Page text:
|System: PS3, X360||Review Rating Legend|
|Dev: Wideload||1.0 - 1.9 = Avoid||4.0 - 4.4 = Great|
|Pub: Gamecock Media Group||2.0 - 2.4 = Poor||4.5 - 4.9 = Must Buy|
|Release: July 2, 2008||2.5 - 2.9 = Average||5.0 = The Best|
|Players: 1-4||3.0 - 3.4 = Fair|
|ESRB Rating: Teen||3.5 - 3.9 = Good|
by Adam Brown
The recent heated race for the Democratic Presidential nomination seems to have put politics on the forefront of many gamers minds. Historically, video games and politics havent mixed well, with the pastime becoming the favorite scapegoat of many politicians.
As with virtually every other form of media that has come before it, video games found themselves in a struggle to avoid censorship and to enlighten the masses of their true potential. With all the abuse video games have taken from politicians over the years, Gamecocks latest release instantly brings the phrase turnabout is fair play to mind. Hail to the Chimp seemingly strikes back against these numerous injustices by making a mockery of the presidential election process. This game is completely overflowing with political satire, which is displayed in everything from its over-the-top characters to its ridiculous mini-games objectives. While the quality of the included jokes and puns can vary greatly, the majority are actually quite amusing. Even the menu screen attempts to keep you laughing, with the CNN-spoofing GRR news program constantly providing you with comical commercials and news segments.
Unfortunately, once you get past this satirical comedy, what you are left with isnt all that appealing. Hail to the Chimp is a limited compilation of mini-games that are all loosely based on different aspects of getting votes. These mini-games will have you doing everything from winning favor by smearing your competitors with negative headlines to collecting campaign funds from fat cats (literally). While there are over a dozen different mini-games to choose from, eventually the painful realization sets in that they are all essentially the same.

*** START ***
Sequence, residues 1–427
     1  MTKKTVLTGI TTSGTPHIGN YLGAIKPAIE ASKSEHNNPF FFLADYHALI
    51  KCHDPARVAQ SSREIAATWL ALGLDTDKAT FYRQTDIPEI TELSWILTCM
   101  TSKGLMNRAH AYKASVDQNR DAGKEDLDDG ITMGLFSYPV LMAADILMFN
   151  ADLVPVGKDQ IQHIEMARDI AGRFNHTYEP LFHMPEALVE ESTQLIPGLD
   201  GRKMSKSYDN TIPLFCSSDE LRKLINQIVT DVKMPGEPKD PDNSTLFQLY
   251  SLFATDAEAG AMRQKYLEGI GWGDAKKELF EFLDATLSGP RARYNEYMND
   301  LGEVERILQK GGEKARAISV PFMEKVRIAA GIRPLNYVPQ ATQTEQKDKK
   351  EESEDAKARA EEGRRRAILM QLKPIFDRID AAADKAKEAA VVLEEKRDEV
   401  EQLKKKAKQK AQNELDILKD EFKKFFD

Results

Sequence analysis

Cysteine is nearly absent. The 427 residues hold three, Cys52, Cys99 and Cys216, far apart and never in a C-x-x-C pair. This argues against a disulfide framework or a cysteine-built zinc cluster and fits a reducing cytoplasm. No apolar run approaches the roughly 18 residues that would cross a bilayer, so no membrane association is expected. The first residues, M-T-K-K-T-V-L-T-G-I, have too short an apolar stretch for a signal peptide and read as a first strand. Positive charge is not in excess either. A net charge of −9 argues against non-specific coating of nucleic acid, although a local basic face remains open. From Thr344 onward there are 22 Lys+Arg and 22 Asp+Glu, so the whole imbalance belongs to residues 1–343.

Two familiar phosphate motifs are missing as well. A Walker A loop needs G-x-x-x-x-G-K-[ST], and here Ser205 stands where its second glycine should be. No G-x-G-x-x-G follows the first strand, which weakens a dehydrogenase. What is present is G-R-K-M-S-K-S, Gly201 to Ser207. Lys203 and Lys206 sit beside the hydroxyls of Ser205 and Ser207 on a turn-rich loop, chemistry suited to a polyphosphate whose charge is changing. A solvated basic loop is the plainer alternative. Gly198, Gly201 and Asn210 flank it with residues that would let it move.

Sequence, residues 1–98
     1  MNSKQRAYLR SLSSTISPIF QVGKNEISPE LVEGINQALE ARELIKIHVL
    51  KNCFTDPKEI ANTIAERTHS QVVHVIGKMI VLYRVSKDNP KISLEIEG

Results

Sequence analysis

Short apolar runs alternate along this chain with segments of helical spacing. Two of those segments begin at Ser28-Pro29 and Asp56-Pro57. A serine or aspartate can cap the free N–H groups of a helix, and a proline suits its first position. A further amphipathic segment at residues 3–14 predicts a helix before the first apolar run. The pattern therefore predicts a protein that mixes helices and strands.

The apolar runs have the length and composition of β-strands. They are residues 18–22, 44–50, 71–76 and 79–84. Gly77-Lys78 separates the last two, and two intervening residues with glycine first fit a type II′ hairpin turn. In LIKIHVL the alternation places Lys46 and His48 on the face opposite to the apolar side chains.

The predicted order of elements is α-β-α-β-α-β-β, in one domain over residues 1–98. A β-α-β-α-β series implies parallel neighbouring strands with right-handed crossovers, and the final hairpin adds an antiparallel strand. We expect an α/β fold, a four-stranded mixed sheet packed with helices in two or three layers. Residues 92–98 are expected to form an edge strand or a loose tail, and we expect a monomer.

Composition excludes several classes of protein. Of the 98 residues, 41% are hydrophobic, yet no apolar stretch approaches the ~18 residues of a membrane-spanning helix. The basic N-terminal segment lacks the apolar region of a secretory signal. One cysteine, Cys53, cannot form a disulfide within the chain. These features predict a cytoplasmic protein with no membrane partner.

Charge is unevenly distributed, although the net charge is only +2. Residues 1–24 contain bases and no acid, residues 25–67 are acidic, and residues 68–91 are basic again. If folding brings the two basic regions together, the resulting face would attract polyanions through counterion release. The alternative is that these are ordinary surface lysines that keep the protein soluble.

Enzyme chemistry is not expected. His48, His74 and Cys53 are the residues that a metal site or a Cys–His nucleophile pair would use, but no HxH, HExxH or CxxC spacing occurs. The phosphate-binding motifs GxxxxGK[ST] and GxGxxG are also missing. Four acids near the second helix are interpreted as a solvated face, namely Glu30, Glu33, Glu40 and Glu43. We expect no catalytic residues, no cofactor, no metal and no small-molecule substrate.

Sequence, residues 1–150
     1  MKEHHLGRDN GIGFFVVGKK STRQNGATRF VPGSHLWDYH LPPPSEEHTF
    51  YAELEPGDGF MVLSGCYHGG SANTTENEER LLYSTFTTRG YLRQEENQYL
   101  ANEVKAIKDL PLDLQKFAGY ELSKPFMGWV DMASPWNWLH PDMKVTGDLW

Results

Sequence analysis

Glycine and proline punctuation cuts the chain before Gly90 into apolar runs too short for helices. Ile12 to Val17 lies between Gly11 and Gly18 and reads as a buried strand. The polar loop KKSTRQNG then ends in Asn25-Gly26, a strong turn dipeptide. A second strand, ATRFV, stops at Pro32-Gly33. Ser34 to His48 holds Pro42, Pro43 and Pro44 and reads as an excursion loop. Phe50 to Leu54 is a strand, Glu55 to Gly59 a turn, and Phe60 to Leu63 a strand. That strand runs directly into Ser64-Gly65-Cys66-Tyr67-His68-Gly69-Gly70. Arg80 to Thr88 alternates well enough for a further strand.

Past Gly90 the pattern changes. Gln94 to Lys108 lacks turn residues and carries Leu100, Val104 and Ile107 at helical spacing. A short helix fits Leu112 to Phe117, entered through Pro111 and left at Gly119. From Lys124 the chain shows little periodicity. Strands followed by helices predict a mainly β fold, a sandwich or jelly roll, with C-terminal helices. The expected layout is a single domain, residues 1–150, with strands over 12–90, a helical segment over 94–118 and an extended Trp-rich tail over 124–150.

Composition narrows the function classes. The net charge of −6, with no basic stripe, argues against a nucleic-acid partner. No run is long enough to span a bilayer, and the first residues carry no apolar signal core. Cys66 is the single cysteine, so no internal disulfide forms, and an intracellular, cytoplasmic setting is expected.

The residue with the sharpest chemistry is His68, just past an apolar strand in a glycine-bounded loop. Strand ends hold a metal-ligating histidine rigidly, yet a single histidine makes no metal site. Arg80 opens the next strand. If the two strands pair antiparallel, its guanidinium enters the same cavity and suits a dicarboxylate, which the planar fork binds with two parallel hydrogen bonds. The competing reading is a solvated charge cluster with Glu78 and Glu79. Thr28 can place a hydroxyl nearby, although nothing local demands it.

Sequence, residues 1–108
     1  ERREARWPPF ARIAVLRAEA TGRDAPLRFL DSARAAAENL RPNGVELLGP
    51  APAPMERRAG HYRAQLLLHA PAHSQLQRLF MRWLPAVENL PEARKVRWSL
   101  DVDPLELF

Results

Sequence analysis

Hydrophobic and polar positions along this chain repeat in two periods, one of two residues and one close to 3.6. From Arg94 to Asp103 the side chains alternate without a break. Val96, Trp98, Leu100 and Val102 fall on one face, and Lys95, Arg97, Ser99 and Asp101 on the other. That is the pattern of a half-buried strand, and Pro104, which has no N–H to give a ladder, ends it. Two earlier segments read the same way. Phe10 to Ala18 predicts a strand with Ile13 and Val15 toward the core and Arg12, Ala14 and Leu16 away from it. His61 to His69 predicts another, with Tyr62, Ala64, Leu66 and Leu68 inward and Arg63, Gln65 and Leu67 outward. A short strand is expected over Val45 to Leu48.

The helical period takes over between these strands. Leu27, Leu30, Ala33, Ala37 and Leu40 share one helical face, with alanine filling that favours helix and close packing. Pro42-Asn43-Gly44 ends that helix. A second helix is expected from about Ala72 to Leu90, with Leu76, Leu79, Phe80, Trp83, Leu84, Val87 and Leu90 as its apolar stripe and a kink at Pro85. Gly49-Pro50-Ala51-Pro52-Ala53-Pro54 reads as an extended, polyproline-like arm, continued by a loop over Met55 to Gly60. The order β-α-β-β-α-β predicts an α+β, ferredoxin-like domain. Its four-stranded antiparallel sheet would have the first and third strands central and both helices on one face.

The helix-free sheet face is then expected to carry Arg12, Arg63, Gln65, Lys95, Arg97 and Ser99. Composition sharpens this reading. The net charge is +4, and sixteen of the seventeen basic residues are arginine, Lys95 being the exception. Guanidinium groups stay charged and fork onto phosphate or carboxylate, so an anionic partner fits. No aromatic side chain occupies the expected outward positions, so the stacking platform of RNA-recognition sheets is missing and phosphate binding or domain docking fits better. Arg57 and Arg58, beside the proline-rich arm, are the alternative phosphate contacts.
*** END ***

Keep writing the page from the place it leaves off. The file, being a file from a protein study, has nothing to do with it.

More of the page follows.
Apparently, in the world of Hail to the Chimp, clams somehow play a major role in choosing a president. Although each mini-games gives you a slightly different reason for doing so, collecting clams will be your main objective in every outing. These clams are the ultimate currency in this game, being used for everything including stuffing ballot boxes, purchasing campaign contributions, and even as your health. Any time you run out of clams your character becomes incredibly fragile, only requiring one hit to kill. Thankfully, clams arent very difficult to come by and will continue to appear throughout matches; even if there are no clams to be found on the ground, players can always find more by beating them out of their opponents.
Sadly, the actual mechanics involved in playing this game are just as limited as its objectives. Players are only able to move, jump, attack, interact with a few objects, and team up with an opponent. Attacks are incredibly basic and become increasingly more difficult to time properly. Early in the game you will have no problems beating your enemies senseless, but later on it seems as though your foes attacks always land first. This becomes immensely frustrating very quickly, since there is really no way to avoid combat. Object interaction is also fairly limited and is usually just a means to exchange your collected clams towards your current objective.
Teaming up with enemies can sometimes prove to be tricky but is often rather helpful. Players will need to press a button to declare they are interested in teaming up and then get within close proximity of another player. That player can then either accept your invitation or simply just attack you for trying. There are a few different versions of team attacks, but instead of being able to choose the one that would best suit your current situation, the game will just randomly choose one for you. However, the benefits of team attacks far outweigh these issues, as they are virtually unstoppable once initiated and can quickly turn the tide of almost any game.